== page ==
The Straight Dope

Go Back   Straight Dope Message Board > Main > General Questions

Reply
 
Thread Tools Display Modes
  #1  
Old 04-27-2006, 10:32 AM
TheBoneyKingofNowhere TheBoneyKingofNowhere is offline
Guest
 
Join Date: Jan 2005
US Post Office Protocol, no stamp, no address, no return address

So yesterday at the office I had a pile of stamped, outgoing mail, along with three envelopes that were to remain here for other people to pick up. These envelopes only had a first name written on the front of them. Today, I get to the office, and there are only two envelopes sitting there waiting to get picked up. I'm sure I must have included one of them with the outgoing mail by mistake, and dumped it in out mailbox outside my office.

The question, obviously -- does anyone know what the post office does with any of these envelopes? I called the post office where our mail goes, and was treated, well, not so great. "I don't know" is the answer I got. I asked if there was anyone that did know. I was put on hold for at least 10 minutes before hanging up.
Reply With Quote
Advertisements  
  #2  
Old 04-27-2006, 10:52 AM
UncleRojelio UncleRojelio is online now
Member
 
Join Date: Nov 2004
Location: ATX
Posts: 5,397
Quote:
Originally Posted by TheBoneyKingofNowhere
The question, obviously -- does anyone know what the post office does with any of these envelopes?
Thanks to the Discovery Channel, I know that there still exists a "Dead Letter" office. Your envelope will most likey go there to languish until someone has time to examine it and then, most likey, open it looking for an address.
Reply With Quote
  #3  
Old 04-27-2006, 10:55 AM
UncleRojelio UncleRojelio is online now
Member
 
Join Date: Nov 2004
Location: ATX
Posts: 5,397
Wiki had this to say:
Quote:
Mail with addresses which cannot be resolved by the automated system are separated for human intervention. If a local postal worker can read the address, the appropriate bar code is printed onto the item. If not, mail is either returned to the sender (first class mail with a valid return address) or is sent to one of three Mail Recovery Centers in the United States (formerly known as Dead Letter Offices, originated by Benjamin Franklin in the 1770s) where it receives more intense scrutiny, including being opened to determine if any of the contents are a clue. If no valid address can be determined, the items are held for 90 days in case of inquiry by the customer; and if they are not claimed then they are destroyed.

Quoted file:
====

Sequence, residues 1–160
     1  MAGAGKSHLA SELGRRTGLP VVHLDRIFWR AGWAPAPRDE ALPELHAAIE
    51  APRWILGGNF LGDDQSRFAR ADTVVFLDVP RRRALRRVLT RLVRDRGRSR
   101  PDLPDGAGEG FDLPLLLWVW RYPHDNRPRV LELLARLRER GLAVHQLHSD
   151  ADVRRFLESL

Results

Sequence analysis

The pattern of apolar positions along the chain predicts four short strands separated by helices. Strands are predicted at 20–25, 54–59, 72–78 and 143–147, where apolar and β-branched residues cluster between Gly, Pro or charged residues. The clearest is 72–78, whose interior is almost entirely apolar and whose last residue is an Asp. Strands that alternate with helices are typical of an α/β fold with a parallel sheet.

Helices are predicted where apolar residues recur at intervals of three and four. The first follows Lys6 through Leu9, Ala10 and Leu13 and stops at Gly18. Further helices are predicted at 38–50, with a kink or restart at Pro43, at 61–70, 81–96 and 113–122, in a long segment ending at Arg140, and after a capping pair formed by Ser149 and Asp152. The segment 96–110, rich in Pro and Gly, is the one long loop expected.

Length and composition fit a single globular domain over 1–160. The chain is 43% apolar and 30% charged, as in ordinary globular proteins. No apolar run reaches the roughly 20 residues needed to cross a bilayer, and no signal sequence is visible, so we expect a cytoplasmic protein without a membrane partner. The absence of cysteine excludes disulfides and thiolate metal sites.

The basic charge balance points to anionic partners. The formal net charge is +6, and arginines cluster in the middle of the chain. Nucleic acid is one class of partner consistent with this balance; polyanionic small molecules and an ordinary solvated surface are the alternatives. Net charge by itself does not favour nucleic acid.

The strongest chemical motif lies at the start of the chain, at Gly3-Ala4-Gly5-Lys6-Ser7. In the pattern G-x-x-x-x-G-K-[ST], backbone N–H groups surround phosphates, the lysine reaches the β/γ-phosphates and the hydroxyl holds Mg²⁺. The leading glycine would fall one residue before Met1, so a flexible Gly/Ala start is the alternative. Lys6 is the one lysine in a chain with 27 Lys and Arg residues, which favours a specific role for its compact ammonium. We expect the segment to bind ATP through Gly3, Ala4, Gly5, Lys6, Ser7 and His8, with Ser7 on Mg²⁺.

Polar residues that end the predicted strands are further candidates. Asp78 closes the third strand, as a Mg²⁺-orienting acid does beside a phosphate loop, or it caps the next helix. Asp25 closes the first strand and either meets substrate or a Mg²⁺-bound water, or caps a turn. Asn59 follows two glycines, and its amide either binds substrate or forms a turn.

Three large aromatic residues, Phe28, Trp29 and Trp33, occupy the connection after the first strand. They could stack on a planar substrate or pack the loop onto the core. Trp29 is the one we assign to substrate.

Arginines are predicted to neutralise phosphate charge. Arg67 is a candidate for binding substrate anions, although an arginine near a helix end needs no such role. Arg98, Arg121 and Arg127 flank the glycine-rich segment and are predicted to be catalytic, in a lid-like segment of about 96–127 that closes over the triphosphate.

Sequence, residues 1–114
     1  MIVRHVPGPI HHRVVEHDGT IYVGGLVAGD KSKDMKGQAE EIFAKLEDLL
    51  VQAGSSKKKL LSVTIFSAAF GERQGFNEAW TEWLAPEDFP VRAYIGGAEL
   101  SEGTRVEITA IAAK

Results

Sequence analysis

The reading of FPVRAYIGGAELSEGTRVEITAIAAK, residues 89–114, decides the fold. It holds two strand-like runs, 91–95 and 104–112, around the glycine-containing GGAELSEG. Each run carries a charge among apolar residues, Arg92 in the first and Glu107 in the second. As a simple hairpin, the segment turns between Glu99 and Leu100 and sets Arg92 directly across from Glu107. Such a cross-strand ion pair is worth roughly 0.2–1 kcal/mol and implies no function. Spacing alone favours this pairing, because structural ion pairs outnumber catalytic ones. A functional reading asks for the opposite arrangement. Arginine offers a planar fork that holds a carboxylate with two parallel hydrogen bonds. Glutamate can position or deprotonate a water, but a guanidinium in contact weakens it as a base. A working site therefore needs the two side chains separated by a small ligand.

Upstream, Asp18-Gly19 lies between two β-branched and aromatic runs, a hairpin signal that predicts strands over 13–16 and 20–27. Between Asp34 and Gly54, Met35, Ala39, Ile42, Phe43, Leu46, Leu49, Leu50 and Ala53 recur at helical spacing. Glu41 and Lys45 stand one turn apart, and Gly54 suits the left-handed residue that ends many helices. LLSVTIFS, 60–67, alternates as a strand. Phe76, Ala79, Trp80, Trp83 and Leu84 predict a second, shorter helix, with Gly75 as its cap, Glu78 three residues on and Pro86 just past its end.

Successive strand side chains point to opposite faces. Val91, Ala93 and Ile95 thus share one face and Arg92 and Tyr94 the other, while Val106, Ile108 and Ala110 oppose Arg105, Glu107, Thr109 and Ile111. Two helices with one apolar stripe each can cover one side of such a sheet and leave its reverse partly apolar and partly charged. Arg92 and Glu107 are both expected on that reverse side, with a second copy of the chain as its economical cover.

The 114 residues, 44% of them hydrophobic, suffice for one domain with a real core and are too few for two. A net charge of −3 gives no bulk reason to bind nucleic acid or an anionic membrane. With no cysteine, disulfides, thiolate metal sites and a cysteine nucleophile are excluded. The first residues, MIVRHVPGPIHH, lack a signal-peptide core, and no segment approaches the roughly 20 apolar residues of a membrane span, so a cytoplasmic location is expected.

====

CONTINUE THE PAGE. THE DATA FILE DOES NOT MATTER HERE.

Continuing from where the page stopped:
Reply With Quote
  #4  
Old 04-27-2006, 11:19 AM
TheBoneyKingofNowhere TheBoneyKingofNowhere is offline
Guest
 
Join Date: Jan 2005
Well, I just stopped the postal worker to drops off our office mail and told him my situation. He politely wrote down the name and number of a "carrier supervisor" who he said would be glad to help.

I called her, and she gave me the name of someone downtown. In calling this person, I was again given the name and number of someone else in the same building. This person took down every detail aobut the envelope in question -- the color, name on the front, when and where I dropped it off, etc. She basically assured me that if there was no stamp or address on it, that it would show up in her office in the next couple of days and that she would definitely give me a call when it did. After much pessimism, I'm suddenly optimistic that I'll get this envelope back by early next week.
Reply With Quote
  #5  
Old 04-27-2006, 11:33 AM
UncleRojelio UncleRojelio is online now
Member
 
Join Date: Nov 2004
Location: ATX
Posts: 5,397
Quote:
Originally Posted by TheBoneyKingofNowhere
After much pessimism, I'm suddenly optimistic that I'll get this envelope back by early next week.
That is good news. Much better than the outcome when I unintentionally mailed some international letters without postage. Most of them finally made it back to me -- six months later.
Reply With Quote
  #6  
Old 04-27-2006, 02:29 PM